Louisville.com contributor Bobby Densford died suddenly Wednesday morning. Densford, 51, had written several feature articles for this website, most notably a series of profiles of local TV news personalities.
Densford's articles impressed, both for their insight and professionalism. Finding new information about familiar faces such as Jay Cardosi, Dawn Gee and Scott Reynolds isn't easy. But Densford's profiles were full of new and interesting anecdotes, giving readers a perspective on these figures beyond the TV screen.
As his obituary notes, "Bob had dealt with multiple medical issues for nearly the past 30 years, but never lost his excitement and enthusiasm for life. Recently diagnosed with cancer, his life passed as he prepared for this next challenge."
Despite that diagnosis Bobby D. (as he referred to himself), remained upbeat and caring. Ever since I relocated from Louisville (I had been the editor of this site) to the Washington, DC area in February, Bobby D. regularly checked in on me to see how my new job was going, inquire about my family and try out some of his new jokes.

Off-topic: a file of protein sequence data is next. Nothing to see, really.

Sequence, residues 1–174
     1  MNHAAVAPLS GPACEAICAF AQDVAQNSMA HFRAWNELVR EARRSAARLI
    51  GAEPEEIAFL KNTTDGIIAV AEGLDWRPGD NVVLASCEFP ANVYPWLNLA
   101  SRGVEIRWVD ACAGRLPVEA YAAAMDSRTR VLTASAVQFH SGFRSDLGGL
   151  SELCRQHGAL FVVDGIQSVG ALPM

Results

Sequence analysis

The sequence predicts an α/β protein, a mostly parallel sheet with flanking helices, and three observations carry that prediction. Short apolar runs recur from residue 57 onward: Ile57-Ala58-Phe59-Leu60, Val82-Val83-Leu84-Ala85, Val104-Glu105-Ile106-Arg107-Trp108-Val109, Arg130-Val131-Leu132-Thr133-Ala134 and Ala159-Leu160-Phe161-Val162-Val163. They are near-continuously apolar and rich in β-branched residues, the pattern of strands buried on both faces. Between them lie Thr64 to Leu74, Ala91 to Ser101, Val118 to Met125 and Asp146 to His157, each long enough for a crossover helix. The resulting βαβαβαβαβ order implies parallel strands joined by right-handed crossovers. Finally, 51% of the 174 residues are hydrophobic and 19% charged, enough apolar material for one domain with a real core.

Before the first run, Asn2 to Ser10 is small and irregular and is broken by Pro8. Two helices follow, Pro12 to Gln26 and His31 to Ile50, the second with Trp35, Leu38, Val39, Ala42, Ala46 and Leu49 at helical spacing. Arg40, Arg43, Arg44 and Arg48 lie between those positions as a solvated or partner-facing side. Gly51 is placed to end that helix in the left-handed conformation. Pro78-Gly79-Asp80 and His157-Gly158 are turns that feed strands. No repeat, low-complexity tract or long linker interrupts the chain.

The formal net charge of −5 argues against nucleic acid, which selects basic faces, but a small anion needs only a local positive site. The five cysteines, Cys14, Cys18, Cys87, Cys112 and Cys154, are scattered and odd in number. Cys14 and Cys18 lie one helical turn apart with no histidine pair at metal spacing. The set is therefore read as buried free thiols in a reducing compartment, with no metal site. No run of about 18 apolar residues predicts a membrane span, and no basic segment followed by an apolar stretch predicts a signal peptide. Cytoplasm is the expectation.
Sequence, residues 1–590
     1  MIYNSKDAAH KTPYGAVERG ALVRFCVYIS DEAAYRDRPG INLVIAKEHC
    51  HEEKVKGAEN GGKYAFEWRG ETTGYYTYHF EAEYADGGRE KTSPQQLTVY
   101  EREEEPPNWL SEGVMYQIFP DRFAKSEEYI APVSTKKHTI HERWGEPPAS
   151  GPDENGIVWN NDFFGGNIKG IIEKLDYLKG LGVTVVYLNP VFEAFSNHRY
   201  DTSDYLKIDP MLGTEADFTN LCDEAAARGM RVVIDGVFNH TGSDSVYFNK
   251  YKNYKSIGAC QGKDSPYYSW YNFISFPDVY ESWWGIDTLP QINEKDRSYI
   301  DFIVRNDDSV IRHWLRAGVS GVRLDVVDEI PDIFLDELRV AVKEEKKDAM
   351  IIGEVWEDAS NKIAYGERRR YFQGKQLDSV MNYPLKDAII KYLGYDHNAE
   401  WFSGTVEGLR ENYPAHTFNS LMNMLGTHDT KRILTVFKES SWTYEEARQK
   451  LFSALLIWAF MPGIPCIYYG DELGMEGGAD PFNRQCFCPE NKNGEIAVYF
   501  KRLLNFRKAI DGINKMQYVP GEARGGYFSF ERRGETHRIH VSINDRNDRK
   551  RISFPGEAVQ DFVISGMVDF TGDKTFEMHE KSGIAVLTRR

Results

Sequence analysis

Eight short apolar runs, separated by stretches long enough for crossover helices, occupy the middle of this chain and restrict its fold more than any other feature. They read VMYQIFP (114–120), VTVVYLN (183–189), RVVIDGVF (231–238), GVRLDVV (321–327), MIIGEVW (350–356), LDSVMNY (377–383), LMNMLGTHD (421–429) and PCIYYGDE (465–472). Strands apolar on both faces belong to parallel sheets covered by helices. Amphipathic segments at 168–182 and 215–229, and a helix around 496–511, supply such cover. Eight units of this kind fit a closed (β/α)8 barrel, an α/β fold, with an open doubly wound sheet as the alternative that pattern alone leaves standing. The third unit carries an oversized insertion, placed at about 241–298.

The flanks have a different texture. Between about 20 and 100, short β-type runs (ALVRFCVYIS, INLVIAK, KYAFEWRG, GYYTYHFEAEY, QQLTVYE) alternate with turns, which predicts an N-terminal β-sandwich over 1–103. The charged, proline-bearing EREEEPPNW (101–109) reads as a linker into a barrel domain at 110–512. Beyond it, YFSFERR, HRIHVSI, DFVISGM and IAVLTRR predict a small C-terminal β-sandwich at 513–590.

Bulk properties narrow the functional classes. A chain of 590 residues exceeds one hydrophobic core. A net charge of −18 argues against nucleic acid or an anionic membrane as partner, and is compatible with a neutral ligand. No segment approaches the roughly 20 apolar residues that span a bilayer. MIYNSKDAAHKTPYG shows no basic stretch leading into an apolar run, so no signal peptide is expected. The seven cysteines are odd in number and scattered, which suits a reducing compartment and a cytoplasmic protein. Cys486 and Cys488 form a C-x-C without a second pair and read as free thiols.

On that note, I'd been fortunate to meet Bobby D. in person several times (not always a given in the digital media workspace). At our first meeting, he delivered original joke after original joke that had me both laughing and in awe of his quick-wittedness. I found that chatting with Bobby D. required my A game, lest I end up as one of his jovial punch lines.
Densford graduated from Iroquois High School in 1980, earned a bachelor of science in biochemistry and molecular biology at Centre College and later picked up a bachelor of arts in journalism from Indiana University Southeast.
Bobby D. is survived by his wife, Patricia Sue; sisters, Mary Lynn Gilbert and Laurie Ann Sherman; brother, James; step-daughter, Laura Michelle; son-in-law, Patrick Carroll; numerous nieces and nephews; and many, many friends.
Funeral service will be on at 12 p.m. Tuesday noon at Evergreen Funeral Home. Visitation will be Tuesday from 10 a.m. to 12 p.m. Burial will be private. Online condolences can be shared at evergreen-louisville.com.
Expressions of sympathy may take the form of contributions to his widow to help with final expenses.